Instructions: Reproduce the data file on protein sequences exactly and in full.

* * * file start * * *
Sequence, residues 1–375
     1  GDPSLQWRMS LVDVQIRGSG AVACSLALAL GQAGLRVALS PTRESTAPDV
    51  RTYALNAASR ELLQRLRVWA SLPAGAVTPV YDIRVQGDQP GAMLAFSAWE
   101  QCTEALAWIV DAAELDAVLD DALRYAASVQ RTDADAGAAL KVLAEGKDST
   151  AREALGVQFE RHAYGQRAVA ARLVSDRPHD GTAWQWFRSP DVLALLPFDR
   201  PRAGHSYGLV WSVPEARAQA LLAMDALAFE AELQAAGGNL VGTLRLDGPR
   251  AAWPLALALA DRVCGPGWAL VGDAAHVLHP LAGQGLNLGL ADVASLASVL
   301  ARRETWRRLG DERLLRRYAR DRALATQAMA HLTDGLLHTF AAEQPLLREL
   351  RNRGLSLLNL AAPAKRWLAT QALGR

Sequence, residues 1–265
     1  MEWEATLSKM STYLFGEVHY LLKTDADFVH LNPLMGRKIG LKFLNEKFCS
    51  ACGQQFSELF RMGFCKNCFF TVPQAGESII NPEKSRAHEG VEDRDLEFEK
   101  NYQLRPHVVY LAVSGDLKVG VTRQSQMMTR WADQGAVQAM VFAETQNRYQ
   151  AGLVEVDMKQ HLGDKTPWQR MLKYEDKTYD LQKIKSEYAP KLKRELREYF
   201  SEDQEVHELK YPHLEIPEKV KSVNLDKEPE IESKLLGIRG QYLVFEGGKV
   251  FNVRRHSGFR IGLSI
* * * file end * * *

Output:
Sequence, residues 1–375
     1  GDPSLQWRMS LVDVQIRGSG AVACSLALAL GQAGLRVALS PTRESTAPDV
    51  RTYALNAASR ELLQRLRVWA SLPAGAVTPV YDIRVQGDQP GAMLAFSAWE
   101  QCTEALAWIV DAAELDAVLD DALRYAASVQ RTDADAGAAL KVLAEGKDST
   151  AREALGVQFE RHAYGQRAVA ARLVSDRPHD GTAWQWFRSP DVLALLPFDR
   201  PRAGHSYGLV WSVPEARAQA LLAMDALAFE AELQAAGGNL VGTLRLDGPR
   251  AAWPLALALA DRVCGPGWAL VGDAAHVLHP LAGQGLNLGL ADVASLASVL
   301  ARRETWRRLG DERLLRRYAR DRALATQAMA HLTDGLLHTF AAEQPLLREL
   351  RNRGLSLLNL AAPAKRWLAT QALGR

Sequence, residues 1–265
     1  MEWEATLSKM STYLFGEVHY LLKTDADFVH LNPLMGRKIG LKFLNEKFCS
    51  ACGQQFSELF RMGFCKNCFF TVPQAGESII NPEKSRAHEG VEDRDLEFEK
   101  NYQLRPHVVY LAVSGDLKVG VTRQSQMMTR WADQGAVQAM VFAETQNRYQ
   151  AGLVEVDMKQ HLGDKTPWQR MLKYEDKTYD LQKIKSEYAP KLKRELREYF
   201  SEDQEVHELK YPHLEIPEKV KSVNLDKEPE IESKLLGIRG QYLVFEGGKV
   251  FNVRRHSGFR IGLSI